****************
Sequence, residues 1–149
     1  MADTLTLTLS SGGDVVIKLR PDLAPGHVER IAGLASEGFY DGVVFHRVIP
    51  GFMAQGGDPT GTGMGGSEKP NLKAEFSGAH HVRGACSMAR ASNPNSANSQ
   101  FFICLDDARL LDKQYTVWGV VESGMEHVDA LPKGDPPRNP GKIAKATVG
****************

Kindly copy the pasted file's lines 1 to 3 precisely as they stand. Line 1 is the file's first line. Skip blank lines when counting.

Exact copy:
Sequence, residues 1–149
     1  MADTLTLTLS SGGDVVIKLR PDLAPGHVER IAGLASEGFY DGVVFHRVIP
    51  GFMAQGGDPT GTGMGGSEKP NLKAEFSGAH HVRGACSMAR ASNPNSANSQ